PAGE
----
Wednesday 27 May 2015

Post-Patterns Patterns Part 2 - Partial at my house

So in my sausagefactory library, my first attempt at adding an extension mechanism was very Java-esque.
trait FieldConverter {
  def convert(a: A, b: B):Any 
The companion object for the CaseClassConverter supplied a default FieldConverter if you didn't need one:
object CaseClassConverter {

  def apply(converter: => FieldConverter = defaultFieldConverter)

  class DefaultFieldConverter extends FieldConverter {
     def convert(a: A, b: B):Any = {
Ye gads look at the boilerplate! All to wrap a simple function! And yet there is huge scope to still get it wrong, because if you do actually supply a custom FieldConverter, it actually ends up being you who handles all conversions from then on, even though you really don't care about most of them. So you need an if for everything to work properly:
class MyFieldConverter extends FieldConverter {

  def convert(a: A, b: B):Any = {
   if (specialCase) {
      ... // do special conversion
   } else {
      // Do the normal conversion

That sucks.

So, following a nice little nugget I found in Effective Scala, I refactored the whole extension mechanism into using PartialFunctions, like this:
Make FieldConverter a type alias
  type FieldConverter = PartialFunction[(Type, Any), Any]
Chain up a user's custom FieldConverter with the default one
  val exhaustiveConverter:FieldConverter = userConverter orElse defaultConverter
Scala will check whether the userConverter is defined at a given input - if not, it'll fall through to the defaultConverter - perfect.
Now custom converters are simple case blocks
  val alwaysMakeJavaLongsIntoInts: FieldConverter = {
    case (t: Type, v: Any) if (isInt(t) && isJLong(v.getClass)) => {
A userConverter only has to worry about converting one type of thing, and doesn't know (or care) about downstream converters. A simplified Chain of Responsibility.

Monday 4 May 2015

Strongly-Typed Time. Part 2: Design

Following on from my lightbulb moment, I tried to sketch out what I wanted from a strongly-typed system for representing timezoned instants in time.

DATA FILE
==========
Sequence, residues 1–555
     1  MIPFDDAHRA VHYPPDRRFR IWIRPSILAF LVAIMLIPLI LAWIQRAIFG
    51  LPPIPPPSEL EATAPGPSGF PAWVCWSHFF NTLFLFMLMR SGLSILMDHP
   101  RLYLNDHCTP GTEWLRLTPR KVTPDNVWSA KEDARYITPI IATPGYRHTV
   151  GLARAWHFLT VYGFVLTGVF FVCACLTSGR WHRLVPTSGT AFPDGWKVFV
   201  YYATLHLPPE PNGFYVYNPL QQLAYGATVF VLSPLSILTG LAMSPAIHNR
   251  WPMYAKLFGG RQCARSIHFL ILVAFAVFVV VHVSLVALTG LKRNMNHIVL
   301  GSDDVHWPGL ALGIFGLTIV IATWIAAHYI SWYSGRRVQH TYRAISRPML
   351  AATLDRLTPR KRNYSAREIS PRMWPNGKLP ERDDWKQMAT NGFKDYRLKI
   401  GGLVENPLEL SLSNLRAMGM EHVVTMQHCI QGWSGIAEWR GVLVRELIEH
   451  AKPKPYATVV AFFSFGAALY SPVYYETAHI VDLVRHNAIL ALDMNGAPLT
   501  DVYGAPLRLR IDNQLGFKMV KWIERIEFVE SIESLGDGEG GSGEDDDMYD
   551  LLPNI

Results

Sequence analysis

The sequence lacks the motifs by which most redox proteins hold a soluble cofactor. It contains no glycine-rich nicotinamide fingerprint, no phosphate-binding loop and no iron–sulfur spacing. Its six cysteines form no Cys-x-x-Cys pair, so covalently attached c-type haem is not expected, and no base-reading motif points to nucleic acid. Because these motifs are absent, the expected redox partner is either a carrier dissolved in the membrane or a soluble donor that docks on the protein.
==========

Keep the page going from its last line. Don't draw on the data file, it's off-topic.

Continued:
The Look

Ever since Martin Odersky gave us Generics in Java 5, we've become comfortable with reading parameterized types like Set<String> ("Set of String") for container classes. Unsurprisingly, with the move to Odersky's Scala has come further use of parameterization; for example Try[Double] and Future[User]. Essentially, I wanted a type that looked like this. Hence:
  val pierreTime: TimeInZone[Paris]

  val johnTime: TimeInZone[Melbourne]

  val canonicalTime: TimeInZone[UTC]


I want wrong code to look wrong but more than that, I want the compiler to consider it wrong too:
  val pierreTime: TimeInZone[Paris]

  def doSomethingInMelbourne(mTime: TimeInZone[Melbourne]) ...

  // later...
[error]  type mismatch;
[error]  found   : TimeInZone[Paris]
[error]  required: TimeInZone[Melbourne]

Functional Familiarity

I'm only a tiny way down the path to true functional-programming enlightenment. Hell, I've only just started looking at Scalaz, mainly thanks to eed3si9n's excellent tutorials.

But the following patterns seem pretty sensible to me:

map from one timezone to another

The instant-in-time is unchanged, but the type changes, and the local time changes too:
  val pierreTime: TimeInZone[Paris] 
  // Local: 2015-04-29T09:15:49.739+02:00
  // Millis (UTC): 1430291749739

  val johnTime: TimeInZone[Melbourne] =[Melbourne]  
  // Local: 2015-04-29T17:15:49.739+10:00
  // Millis (UTC): 1430291749739

transform the time inside the container

I can make adjustments* to the DateTime contained within the TimeInZone[T] using any Joda-Time method that returns another DateTime:
  val pierreTime: TimeInZone[Paris]
  // Local: 2015-04-29T09:15:49.739+02:00 

  val pierreWakeUpTime: TimeInZone[Paris] = pierreTime.transform(_.withTime(7,0,0,0))
  // Local: 2015-04-29T07:00:00.000+02:00 

  val pierreLunchTime: TimeInZone[Paris] = pierreTime.transform(_.plusHours(4))
  // Local: 2015-04-29T13:15:49.739+02:00 

(*) Everything is immutable (including within Joda-Time) so "adjustments" naturally result in a new object being returned. Do we have a word yet for "A modified copy of an immutable thing"?

Companion-object for construction

I should be able to get a TimeInZone[T] via its companion object for every conceivable scenario:
  // "Now" in whatever TZ my JVM is running in: 
  val myLocalTime: TimeInZone[TimeZone] =
  // -> TimeInZone[Melbourne] UTC: '2015-04-28T12:37:00.000Z'

  // "Now" in the given TZ: 
  val myParisTime: TimeInZone[TimeZone] ="Europe/Paris")
  // -> TimeInZone[Paris] UTC: '2015-04-28T12:37:23.000Z'

  // "Now" in UTC: 
  val myUTCTime: TimeInZone[UTC] = TimeInZone.nowUTC
  // -> TimeInZone[UTC] UTC: '2015-04-28T12:37:28.000Z'

  // If I pass millis, UTC is implied: 
  val myUTCTime: TimeInZone[UTC] = TimeInZone.fromUTCMillis(1430703466430)
  // -> TimeInZone[UTC] UTC: '2015-05-04T01:37:46.430Z

  // Reflective methods where the desired [TimeZone] affects the result:

  // Give me "now" on the West Coast:
  val paloAlto = TimeInZone[PST]
  // -> TimeInZone[PST] UTC: '2015-05-04T01:37:56.430Z

  // Give me "then" on the West Coast:
  val paloAltoLastWeek = TimeInZone[PST](new DateTime().minusDays(7))
  // -> TimeInZone[PST] UTC: '2015-04-28T01:37:59.430Z